Two months ago, on the eve of trial, the City of Pawtucket settled with the mother of Swift’s 3-year-old son after U.S. District Court Judge William E. Smith denied Pawtucket’s motion for summary judgment and ordered most of the plaintiffs’ claims against the city and several of its police officers to go to trial.

According to lawyers for the plaintiffs, that ruling was not only key to the parties’ decision to settle, it contains tough lessons for attorneys involved in high-stakes civil litigation. Reporter Julia Reischel talked to Providence attorney Stephen P. Sheehan — who, along with Max H. Wistow, represented the plaintiffs — about how the ruling will affect future police brutality cases in Rhode Island.

Q. How big is this settlement compared to others in Rhode Island?

A. This is certainly the largest settlement I’m aware of in a case involving police brutality, and I’ve been practicing in Rhode Island for 20 years.

Q. Why did Judge Smith keep the opinion under seal until after the settlement, when the case itself wasn’t under seal?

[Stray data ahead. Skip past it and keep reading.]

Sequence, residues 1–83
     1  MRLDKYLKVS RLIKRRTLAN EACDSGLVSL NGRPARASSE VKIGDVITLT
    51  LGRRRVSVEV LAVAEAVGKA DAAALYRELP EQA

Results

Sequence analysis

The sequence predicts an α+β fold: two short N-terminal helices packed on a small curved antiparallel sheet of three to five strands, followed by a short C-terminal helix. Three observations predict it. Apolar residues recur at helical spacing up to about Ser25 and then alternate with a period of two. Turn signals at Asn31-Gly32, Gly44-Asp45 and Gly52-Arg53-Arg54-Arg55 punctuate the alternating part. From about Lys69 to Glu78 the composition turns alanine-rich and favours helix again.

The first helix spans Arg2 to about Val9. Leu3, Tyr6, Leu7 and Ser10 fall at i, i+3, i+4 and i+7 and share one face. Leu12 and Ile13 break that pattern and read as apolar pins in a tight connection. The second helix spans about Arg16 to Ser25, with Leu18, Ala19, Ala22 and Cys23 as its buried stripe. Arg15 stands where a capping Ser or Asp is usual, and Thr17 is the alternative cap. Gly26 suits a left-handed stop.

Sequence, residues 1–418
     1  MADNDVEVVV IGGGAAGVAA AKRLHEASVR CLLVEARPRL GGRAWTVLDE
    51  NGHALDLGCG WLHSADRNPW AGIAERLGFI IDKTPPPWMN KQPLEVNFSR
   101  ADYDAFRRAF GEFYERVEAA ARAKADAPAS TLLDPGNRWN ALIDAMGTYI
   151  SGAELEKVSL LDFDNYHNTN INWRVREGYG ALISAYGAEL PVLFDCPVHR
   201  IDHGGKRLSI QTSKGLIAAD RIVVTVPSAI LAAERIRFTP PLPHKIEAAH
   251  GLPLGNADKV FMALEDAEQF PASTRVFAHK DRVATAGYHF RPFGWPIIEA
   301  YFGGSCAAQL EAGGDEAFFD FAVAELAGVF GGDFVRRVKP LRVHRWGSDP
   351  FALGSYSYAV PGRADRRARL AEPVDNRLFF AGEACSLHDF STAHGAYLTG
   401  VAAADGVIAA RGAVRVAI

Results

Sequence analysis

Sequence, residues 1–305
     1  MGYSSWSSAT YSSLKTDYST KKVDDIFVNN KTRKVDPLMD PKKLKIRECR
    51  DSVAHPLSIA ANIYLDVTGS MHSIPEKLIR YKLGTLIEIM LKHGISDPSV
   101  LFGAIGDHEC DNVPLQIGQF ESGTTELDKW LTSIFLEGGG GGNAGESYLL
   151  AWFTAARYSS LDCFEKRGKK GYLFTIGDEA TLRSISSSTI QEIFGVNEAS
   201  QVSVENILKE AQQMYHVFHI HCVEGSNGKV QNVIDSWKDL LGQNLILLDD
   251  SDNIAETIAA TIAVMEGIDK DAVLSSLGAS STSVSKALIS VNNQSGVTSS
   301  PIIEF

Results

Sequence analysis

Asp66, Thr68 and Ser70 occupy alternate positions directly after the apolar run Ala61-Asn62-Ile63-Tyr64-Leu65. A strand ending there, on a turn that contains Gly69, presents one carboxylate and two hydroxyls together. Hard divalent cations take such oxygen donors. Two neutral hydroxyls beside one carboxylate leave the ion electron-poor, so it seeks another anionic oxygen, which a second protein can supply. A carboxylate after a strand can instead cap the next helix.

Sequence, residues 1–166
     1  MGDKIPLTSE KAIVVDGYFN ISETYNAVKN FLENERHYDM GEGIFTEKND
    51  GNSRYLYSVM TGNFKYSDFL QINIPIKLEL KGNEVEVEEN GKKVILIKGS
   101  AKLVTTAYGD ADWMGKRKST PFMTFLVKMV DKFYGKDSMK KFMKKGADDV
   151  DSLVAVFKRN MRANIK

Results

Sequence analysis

A. The judge’s opinion was issued at a time when questionnaires had already been sent out to over 100 prospective jurors identifying the case and asking detailed questions in order to determine whether or not they had bias. In consequence, the prospective jurors were in the position of likely reading about the opinion in the newspaper that they then were going to be asked not to read anything about. The decision [to seal the opinion] was on the judge’s own initiative — not a motion from either party — to preserve the jury from taint pending juror selection.